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Determined, impetuous, she plows ahead, marrying a big-hearted Israeli only to leave him, suddenly, to have a baby with a young Latino immigrant. She will move with her new family to Ecuador, but the bitter constant remains: she cannot escape her own mental illness. Lucia lives life on a grand scale, until inevitably, she crashes to earth. And then Miranda must decide, again, whether or not to step in — but this time, Lucia may not want to be saved. The bonds of sisterly devotion stretch across oceans, but what does it take to break them?
Told from alternating perspectives, Everything Here Is Beautiful is, at its core, a heart-wrenching family drama about relationships and tough choices — how much we're willing to sacrifice for the ones we love, and when it's time to let go and save ourselves.
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Everything Here Is Beautiful by Mira T. Lee
My rating: 5 of 5 stars
Everything Here is Beautiful by Mira T. Lee is a 2018 Pamela Dorman Books publication.
Both breathtaking and heartbreaking-
This is a novel about the bonds of sisterhood, of familial duty, of love, all tested by the drain and strain of debilitating mental illness.
While the story is exquisitely painful and is not a book I’d recommend for someone feeling depressed or who may be in a bad place, it is also a beautifully written story, very powerful, and realistic, yet poignantly sensitive, without becoming maudlin.
The reader is given insight into Lucia’s thoughts and feelings, which are often free spirited, determined, and all told, relatively normal… until they are not.
When the illness takes over, she loses the ability to function and being inside her mind during the throes of a schizoid episode is a very scary place to be. It is both incredibly sad and horrifying to watch the metamorphosis.
Miranda is Lucia’s sister, her caretaker and the decision maker when it comes to making choices about her health. Miranda feels powerless, suffering as much as Lucia, but in an obviously different way, since she is left making very painful choices about what is best for her sister. Lucia is often bitterly resentful of Miranda’s role, disrupting the balance and nature of their relationship, as Miranda struggles to live and enjoy her own life.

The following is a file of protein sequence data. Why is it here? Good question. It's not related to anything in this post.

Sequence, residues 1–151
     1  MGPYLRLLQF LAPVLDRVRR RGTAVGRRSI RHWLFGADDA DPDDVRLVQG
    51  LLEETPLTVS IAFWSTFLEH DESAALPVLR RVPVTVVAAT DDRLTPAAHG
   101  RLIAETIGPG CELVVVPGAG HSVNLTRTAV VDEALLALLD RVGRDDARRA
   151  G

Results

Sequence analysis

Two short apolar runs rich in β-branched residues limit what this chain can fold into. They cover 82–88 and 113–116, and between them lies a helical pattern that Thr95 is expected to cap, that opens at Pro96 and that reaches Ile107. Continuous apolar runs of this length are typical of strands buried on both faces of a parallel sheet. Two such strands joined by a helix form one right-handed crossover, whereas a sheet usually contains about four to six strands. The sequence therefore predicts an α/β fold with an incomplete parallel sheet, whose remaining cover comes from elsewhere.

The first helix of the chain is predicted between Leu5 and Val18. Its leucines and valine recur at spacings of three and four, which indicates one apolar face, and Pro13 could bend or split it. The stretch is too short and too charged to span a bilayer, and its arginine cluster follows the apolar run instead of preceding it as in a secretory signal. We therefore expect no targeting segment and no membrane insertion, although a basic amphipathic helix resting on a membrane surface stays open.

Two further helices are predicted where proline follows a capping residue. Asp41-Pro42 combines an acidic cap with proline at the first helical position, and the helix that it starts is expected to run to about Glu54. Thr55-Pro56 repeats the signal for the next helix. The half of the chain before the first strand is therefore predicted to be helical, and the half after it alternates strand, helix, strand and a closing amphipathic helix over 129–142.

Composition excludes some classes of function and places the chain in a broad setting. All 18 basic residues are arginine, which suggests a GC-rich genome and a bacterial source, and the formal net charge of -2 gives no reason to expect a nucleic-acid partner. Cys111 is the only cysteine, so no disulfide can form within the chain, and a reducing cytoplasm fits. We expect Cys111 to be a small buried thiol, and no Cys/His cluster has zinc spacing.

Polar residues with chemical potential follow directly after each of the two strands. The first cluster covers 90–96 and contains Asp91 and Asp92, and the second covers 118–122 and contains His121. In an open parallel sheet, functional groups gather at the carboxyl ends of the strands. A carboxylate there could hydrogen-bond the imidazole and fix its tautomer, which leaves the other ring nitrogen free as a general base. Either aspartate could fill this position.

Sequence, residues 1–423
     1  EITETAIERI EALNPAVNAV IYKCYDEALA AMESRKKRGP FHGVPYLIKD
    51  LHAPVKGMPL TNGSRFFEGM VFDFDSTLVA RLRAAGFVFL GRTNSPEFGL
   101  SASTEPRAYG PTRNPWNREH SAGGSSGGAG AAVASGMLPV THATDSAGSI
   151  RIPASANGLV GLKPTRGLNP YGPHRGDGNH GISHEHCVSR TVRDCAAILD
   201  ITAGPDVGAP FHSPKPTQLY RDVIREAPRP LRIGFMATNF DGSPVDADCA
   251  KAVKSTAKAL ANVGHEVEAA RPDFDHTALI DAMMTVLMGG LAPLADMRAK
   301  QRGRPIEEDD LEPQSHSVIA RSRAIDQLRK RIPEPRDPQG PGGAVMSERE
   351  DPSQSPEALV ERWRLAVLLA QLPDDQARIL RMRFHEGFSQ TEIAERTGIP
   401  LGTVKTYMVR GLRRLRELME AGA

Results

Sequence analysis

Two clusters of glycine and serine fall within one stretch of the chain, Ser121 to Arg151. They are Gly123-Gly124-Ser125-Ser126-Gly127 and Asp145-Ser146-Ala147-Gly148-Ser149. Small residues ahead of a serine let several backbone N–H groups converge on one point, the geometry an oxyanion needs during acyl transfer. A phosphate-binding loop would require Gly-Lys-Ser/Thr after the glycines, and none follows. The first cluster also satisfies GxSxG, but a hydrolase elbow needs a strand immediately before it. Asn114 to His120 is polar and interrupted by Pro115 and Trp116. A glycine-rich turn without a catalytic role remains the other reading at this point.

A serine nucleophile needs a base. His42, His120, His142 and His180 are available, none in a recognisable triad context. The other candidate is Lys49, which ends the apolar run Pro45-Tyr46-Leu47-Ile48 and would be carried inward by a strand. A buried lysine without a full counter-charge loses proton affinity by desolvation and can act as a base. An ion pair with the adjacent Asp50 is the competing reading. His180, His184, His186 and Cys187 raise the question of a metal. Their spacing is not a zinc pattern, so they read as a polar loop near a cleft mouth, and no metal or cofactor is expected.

While Miranda takes a traditional, stable path in life, Lucia’s relationships are more complicated, as she copes with the challenges of living outside her own country, motherhood, and the shadow of her illness haunting her and her loved ones. But, her fierce determination to live life to its fullest, and to be a good mother, are inspiring, despite the odds against her.
The drain mental illness takes on the family is emphasized, as even those who start out being involved and supportive, lose their tenacity, and fall away, like casualties or collateral damage.
The health care system is flawed, as are our many misguided and misinformed concepts of mental illness. It’s hard to understand. It’s not like a physical disability where people can see the obvious effects on the body. Having to cope with the stigma associated with mental disease and the treatments which are often difficult to adhere to, can impede progress or completely shut it down.
While watching the family dynamics morph from a typical sisterly relationship into one of obligation and bitterness, it’s hard to miss the sinister hold such a serious disease has on the lives of these characters.
But, mental illness is not the only subject addressed as the author quite adeptly paints a realistic portrait of immigration from different perspectives. The time Lucia spends in Ecuador, is as telling as Manny’s in America, with the pressure to assimilate, which also adds rich cultural details and diversity to the story.
This book is grave and somber, with a moderately upbeat epilogue, and I admit, I felt a bit melancholy for a while after reading it, but it brings a new awareness to its readers in an emotional and heart wrenching way that is necessary and real, and in such a way you will most assuredly find it hard to forget. This is a topic we need to center more conversations around, and this book could be a great segue to bringing these uncomfortable subjects out in the open. My hope is that these characters will touch a nerve, will open your heart, make you think, make you more sympathetic, more understanding, better informed, and more involved.
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